Curled up with a blanket, laptop and cup of tea, I checked my e-mails from the dating Web site I had recently joined. I had high hopes: much as I might hunt online for a new neighborhood caf to try, I could now search for love just as systematically.
The messages I received told a different story. One suitor wrote: “Hey miss, dug your toe tag.” (What!) Another: “You're asking for a lot in your profile (which is a bit boring I might add).” A third: “I stand out from the rest!! Reason 1 I am normal hehe LOL.” My account did not stay active for long. “Dating in a Digital World,” by Eli J. Finkel et al. on page 26, demystifies this psychological minefield, explaining the art of message writing and the ways online dating toys with our expectations. One tip for navigating these sites: strictly limit the time spent perusing profiles.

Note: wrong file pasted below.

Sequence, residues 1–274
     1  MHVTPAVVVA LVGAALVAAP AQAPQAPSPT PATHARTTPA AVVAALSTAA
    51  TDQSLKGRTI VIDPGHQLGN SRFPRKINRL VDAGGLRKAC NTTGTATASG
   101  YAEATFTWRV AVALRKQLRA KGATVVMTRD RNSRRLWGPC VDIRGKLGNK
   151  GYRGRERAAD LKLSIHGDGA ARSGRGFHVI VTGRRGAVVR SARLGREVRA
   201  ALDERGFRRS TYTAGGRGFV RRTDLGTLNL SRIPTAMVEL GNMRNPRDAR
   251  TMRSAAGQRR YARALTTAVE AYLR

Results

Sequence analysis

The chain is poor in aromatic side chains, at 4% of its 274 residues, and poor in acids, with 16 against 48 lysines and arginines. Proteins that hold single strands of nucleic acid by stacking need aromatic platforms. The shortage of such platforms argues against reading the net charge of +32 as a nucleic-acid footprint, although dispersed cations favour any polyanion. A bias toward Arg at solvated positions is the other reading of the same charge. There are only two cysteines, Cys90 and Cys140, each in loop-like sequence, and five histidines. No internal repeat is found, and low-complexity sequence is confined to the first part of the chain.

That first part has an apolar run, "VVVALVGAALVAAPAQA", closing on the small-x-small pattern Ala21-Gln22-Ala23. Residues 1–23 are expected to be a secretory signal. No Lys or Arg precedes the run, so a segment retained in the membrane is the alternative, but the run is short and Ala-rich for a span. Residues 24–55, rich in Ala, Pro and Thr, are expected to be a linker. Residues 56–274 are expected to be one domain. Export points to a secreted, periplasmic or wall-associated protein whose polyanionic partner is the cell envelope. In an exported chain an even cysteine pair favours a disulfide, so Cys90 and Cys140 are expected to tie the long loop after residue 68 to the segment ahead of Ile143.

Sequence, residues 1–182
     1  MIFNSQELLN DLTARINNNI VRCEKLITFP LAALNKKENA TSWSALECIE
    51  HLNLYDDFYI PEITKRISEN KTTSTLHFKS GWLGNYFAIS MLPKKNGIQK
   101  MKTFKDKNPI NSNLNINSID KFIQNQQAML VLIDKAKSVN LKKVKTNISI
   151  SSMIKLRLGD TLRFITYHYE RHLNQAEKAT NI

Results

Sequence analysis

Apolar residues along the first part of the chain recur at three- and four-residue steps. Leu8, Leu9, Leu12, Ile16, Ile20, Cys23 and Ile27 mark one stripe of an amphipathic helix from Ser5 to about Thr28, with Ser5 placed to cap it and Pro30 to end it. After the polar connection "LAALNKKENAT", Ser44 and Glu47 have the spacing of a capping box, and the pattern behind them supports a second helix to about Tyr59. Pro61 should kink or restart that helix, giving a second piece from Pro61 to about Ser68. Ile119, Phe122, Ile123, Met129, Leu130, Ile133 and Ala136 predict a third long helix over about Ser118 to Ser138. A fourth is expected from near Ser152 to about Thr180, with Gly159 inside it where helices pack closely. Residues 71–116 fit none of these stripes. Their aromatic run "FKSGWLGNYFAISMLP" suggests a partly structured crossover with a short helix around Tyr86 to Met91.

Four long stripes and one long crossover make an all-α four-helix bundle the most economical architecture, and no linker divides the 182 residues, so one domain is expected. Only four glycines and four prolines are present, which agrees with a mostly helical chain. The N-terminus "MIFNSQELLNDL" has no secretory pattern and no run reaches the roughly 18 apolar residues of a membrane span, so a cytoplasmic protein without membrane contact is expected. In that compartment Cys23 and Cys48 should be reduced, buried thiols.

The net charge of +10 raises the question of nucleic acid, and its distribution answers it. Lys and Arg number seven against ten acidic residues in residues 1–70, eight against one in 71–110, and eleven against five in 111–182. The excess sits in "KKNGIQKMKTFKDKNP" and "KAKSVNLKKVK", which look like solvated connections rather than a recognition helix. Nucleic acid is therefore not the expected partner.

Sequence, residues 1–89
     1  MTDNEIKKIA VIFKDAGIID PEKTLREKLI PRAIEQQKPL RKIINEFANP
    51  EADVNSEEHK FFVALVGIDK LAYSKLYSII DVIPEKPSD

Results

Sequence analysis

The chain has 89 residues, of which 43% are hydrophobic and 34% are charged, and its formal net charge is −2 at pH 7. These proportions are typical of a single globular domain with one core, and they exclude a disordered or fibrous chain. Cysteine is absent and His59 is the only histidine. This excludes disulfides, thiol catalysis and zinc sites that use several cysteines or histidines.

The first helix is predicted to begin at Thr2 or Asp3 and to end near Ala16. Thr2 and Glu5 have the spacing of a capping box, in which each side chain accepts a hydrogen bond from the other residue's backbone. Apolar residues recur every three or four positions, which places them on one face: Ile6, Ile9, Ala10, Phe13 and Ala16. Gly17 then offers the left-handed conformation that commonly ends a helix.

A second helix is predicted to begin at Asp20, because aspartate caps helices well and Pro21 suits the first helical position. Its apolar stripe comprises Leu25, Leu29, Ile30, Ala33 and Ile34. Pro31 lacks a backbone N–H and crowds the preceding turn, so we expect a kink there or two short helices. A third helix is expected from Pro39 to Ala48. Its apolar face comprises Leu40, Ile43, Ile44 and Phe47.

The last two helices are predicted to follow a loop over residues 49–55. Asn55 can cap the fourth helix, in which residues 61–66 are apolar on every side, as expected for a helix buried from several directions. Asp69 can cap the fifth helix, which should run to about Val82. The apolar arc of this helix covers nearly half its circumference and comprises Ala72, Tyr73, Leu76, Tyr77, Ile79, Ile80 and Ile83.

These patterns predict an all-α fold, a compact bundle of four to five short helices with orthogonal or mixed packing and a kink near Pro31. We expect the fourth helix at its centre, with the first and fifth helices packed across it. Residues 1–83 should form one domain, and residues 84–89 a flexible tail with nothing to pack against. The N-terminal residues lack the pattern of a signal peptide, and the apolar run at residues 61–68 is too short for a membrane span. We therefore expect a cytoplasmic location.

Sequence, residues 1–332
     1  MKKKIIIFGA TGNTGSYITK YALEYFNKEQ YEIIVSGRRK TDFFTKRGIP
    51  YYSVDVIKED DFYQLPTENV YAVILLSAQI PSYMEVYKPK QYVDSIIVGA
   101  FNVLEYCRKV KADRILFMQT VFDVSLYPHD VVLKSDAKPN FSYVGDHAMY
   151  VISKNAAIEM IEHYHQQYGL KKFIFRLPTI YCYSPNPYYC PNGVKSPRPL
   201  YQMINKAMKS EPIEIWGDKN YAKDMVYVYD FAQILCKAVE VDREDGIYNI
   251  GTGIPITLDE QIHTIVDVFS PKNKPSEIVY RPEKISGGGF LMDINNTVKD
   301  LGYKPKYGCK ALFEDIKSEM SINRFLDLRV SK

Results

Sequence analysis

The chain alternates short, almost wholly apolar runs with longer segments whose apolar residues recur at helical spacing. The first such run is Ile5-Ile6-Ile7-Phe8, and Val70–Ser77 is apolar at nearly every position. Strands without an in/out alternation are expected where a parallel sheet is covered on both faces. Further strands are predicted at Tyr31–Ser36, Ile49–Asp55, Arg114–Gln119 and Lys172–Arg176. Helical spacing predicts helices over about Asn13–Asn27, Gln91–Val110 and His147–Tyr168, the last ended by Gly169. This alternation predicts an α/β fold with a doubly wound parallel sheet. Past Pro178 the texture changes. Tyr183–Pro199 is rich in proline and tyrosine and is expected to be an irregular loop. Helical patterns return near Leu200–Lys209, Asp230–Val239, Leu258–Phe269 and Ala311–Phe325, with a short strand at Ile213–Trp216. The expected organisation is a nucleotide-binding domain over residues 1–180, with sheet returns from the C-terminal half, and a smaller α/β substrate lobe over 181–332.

Reading numerous dating profiles taxes our working memory—a capacity that correlates with intelligence. New research shows that we can strengthen this ability to keep many items in mind. See “Building Better Brains,” by John Jonides et al. on page 59, part of this issue's special report on education. Training working memory is one of several new approaches for improving learning. In “The Education of Character,” on page 48, Scientific American Mind's Ingrid Wickelgren visits a school that aims to augment children's academic skills by cultivating their self-control. Helping families manage chronic stress, which can harm young brains, also makes a difference, as Clancy Blair writes in “Treating a Toxin to Learning,” on page 64.
Not all mental toxins can be countered with training. Unfortunately, many promising psychiatric drugs never reach the market. Gabriella Rosen investigates the common practices that may be causing clinical trials to fail in “Studying Drugs in All the Wrong People,” on page 34.
Optimal mental health begins with self-knowledge. Whether seeking to crack the code for love or puzzling out a cipher in math class, let brain science be your guide.